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From The CriticsReviewer: Lisa A Ennis, MA, MS (University of Alabama at Birmingham)
Description: In this book, Ian Dowbiggin, Professor and Chair of the Department History at the University of Prince Edward Island and author of A Merciful End: The Euthanasia Movement in Modern America (Oxford University Press, 2003), traces the sterilization movement from its beginnings in the 1930s to the start of the 21st century.
Purpose: The author does an exceptional job of tracing the development of the sterilization movement and makes a good argument that it is a major cause of the present day "birth dearth." Throughout the work, he shows how sterilization efforts tended to target the poor and less fortunate. He also makes a compelling argument for what the legacy of the sterilization movement means for the future, as fewer and fewer young workers are available to support the aging baby boomers.
Audience: An accomplished historian and scholar, the author has crafted a book that is appealing to a variety of readers. Historians will be pleased with the accuracy and quantity of the notes while general readers will find the writing style accessible.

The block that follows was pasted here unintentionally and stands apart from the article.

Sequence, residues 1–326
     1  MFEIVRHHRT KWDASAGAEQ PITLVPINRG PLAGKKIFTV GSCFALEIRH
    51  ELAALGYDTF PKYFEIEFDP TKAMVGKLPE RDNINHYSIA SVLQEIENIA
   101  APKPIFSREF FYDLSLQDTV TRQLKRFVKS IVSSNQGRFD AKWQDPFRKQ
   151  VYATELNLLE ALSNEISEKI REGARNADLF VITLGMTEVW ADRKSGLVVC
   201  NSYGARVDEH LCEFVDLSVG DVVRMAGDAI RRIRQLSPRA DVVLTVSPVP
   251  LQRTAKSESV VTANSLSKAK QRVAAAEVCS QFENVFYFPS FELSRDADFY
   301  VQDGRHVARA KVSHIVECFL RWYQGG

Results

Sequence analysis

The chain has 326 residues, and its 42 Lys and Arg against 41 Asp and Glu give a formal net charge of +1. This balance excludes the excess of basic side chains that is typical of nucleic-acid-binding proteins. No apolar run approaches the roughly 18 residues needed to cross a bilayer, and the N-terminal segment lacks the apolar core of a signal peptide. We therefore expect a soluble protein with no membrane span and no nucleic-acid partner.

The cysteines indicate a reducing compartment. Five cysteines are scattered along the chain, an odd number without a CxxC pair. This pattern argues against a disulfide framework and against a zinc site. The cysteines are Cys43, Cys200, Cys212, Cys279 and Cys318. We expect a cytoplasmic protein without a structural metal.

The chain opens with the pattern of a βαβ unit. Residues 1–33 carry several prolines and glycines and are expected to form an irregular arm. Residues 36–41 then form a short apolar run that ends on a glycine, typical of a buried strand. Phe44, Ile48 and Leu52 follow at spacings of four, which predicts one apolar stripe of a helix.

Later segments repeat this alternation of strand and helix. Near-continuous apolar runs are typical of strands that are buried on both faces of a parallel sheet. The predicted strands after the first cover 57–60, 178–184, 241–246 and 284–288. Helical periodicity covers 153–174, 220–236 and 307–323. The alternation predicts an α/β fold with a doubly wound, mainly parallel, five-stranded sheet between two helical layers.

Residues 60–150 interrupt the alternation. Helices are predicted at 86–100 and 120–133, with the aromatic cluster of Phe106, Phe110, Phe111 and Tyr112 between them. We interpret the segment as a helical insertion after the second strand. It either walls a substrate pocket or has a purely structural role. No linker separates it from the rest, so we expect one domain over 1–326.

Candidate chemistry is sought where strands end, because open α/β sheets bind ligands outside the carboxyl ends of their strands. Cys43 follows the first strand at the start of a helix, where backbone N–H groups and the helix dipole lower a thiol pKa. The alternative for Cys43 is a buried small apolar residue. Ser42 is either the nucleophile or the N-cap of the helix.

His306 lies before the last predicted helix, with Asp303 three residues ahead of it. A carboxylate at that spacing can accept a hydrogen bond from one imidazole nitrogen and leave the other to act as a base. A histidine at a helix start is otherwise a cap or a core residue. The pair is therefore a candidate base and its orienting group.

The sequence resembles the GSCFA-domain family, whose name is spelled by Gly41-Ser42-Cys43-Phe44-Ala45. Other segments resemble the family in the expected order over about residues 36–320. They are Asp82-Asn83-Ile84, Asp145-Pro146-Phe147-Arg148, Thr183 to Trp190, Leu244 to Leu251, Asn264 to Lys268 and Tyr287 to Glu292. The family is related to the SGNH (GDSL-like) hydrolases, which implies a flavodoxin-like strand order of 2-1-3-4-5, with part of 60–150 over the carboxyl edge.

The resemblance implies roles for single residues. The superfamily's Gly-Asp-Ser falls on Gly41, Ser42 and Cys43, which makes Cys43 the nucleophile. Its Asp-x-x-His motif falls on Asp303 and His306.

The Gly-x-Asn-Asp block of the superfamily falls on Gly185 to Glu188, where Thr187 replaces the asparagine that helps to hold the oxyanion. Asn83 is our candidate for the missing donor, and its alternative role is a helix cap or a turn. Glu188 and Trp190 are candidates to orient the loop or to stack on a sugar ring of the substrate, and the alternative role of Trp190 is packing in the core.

Features: Seven chapters cover the topic in chronological order. One of the strengths of this work is that the author discusses the events through the lens of the people that were involved. For instance, he begins with the life of Marian Olden, a contemporary of Margaret Sanger, giving the work context and humanity. A section of photos of the main personalities discussed in the book is included, as is an index, end notes for each chapter, and a bibliography.
Assessment: Painstakingly researched and well written, this book is a good addition to the growing body of work on eugenics. Of particular note is the author's use of archival materials. Overall, this book is recommended for all libraries, especially those with history of medicine and global issues collections.